So, in a way, the word native helps to cover up some discriminatory hiring policies. It is a lot easier to say “I just want native English speakers” than to say “I just want Irish people”. I can imagine the people who post these ads might object to the accusation of discrimination and say that they are simply responding to market demand. Spanish kids don’t want to come to Dublin to learn English from a Spanish teacher. That would seem a reasonable position and suggest that the schools in question make these decisions based on their view of quality standards or concerns for the needs of their students. And yet one school advertising for natives only stipulates that no experience is required. Do Spanish kids want to come to Dublin to learn English from someone who has never taught before? Does “nativeness” trump all other considerations?
It seems strange to me that a large chunk of the ELT world holds on to the notion that students want native teachers (rather than the notion that students want teachers who will help them learn as quickly as possible). Why is it that in this one area, we let a perception of what students want dictate our approach when in everything else, we claim to know best (“No, no, no, put away your dictionaries – it’s better if you guess the word from the context”)?
The troubling thing about this glorification of the native is that it creates a horrible dichotomy. The majesty of the native requires the humbling of the non-native. Silvana Richardson argues that we need to move away from the term “non-native”. The addition of a negative prefix to people who have successfully learned a language to a very high level (and, as is the case in Ireland, are brave enough to leave their homes to work in a foreign country) seems perverse. Would anyone be comfortable with their job description including a negative? It suggests a lack where really there should not be one. Would native mono-lingual English teachers be happy if they were referred to as “English teachers who have never done what they are trying to get you to do”? But even that wouldn’t be a fair comparison, because at least they could do something about it. The non-native title is a permanent exclusion.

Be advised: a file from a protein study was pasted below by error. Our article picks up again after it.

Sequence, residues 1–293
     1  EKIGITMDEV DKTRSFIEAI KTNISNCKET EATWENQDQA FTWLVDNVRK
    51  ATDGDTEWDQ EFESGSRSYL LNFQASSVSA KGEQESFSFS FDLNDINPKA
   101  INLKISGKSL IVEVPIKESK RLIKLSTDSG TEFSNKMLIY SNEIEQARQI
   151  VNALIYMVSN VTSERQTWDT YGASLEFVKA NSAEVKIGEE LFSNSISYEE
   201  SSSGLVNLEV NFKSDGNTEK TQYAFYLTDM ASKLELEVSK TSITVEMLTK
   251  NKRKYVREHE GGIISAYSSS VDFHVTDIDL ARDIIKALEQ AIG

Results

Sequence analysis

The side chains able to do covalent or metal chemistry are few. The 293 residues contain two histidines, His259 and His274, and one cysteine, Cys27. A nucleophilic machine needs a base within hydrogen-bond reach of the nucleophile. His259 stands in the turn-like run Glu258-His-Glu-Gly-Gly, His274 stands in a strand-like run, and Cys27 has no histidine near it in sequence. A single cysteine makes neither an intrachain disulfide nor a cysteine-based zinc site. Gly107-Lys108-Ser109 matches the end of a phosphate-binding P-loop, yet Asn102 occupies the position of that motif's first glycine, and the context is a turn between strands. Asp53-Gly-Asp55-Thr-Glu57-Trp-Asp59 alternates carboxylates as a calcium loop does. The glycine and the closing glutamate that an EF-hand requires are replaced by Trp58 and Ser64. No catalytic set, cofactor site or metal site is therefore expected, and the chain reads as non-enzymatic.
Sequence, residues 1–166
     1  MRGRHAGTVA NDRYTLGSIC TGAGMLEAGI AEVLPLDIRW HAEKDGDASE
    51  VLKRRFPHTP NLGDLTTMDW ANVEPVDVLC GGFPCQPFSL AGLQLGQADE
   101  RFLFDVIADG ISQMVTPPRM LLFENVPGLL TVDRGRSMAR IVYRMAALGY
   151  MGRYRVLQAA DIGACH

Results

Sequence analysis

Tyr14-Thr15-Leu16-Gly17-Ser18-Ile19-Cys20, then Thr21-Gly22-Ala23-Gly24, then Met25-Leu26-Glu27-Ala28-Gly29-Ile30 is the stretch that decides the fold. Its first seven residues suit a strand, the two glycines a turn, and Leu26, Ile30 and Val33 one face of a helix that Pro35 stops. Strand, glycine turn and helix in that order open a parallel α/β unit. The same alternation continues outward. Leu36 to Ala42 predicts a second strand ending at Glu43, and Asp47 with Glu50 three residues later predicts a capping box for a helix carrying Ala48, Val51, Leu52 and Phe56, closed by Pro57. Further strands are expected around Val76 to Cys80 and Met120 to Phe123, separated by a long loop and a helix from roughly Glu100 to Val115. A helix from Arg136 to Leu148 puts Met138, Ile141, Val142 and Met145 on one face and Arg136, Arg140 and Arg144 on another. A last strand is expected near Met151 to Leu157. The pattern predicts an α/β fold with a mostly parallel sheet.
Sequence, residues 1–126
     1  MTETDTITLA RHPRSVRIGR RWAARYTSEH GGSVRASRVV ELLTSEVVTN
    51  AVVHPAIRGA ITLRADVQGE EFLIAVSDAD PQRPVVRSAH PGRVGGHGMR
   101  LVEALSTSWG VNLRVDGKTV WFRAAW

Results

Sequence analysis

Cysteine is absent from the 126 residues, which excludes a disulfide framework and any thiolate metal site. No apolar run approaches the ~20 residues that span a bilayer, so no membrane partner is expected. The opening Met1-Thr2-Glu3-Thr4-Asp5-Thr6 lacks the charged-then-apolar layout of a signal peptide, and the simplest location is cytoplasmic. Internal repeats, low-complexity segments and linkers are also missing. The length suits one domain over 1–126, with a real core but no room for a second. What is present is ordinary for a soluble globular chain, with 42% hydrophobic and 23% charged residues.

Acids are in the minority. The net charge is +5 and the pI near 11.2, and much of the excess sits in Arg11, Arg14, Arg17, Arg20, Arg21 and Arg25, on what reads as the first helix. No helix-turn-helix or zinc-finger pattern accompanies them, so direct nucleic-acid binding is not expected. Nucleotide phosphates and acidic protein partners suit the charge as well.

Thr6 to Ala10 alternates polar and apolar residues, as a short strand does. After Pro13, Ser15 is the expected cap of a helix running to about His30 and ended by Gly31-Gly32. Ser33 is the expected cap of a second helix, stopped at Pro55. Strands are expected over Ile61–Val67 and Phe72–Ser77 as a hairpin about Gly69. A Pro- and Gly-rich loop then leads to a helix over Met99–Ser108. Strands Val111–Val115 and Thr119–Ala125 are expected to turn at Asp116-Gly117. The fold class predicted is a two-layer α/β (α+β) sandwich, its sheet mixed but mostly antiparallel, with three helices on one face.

This is not exclusively a problem in Ireland. I have heard stories from around the world of teachers being excluded from jobs because of their nationality. But the world is changing. Most English conversations today are between people for whom English is their second (or third, or fourth) language (the world of Tennis is a great illustration of this – look at how Wimbledon, this bastion of “Englishness” is populated by international tennis players all communicating together through the one language). Jeremy Harmer argues that “the old ‘learn-to-speak-English-like-a-native’ trope of the middle of the twentieth century is long long gone“.
Instead of focusing on an insensitive and anachronistic view of English language speakers, Ireland has a small enough ELT industry (on the cusp of significant change if school closures and Government promises of reform are to be believed) that it can focus on a far more equitable dichotomy – good teachers and non-good teachers. The first step would be to get rid of these native only ads and see where to go from there.
Stephen Bruce has been a teacher since 2001, working in Italy and Dublin in that time. He has gravitated towards the areas of EAP, ESAP and exam preparation and wrote about Silence in the Classroom for his M.Phil. in English Language Teaching. At present, he is the EAP coordinator for Dublin International Foundation College. He blogs at eaping.blogspot.ie and is a member of ELT Ireland.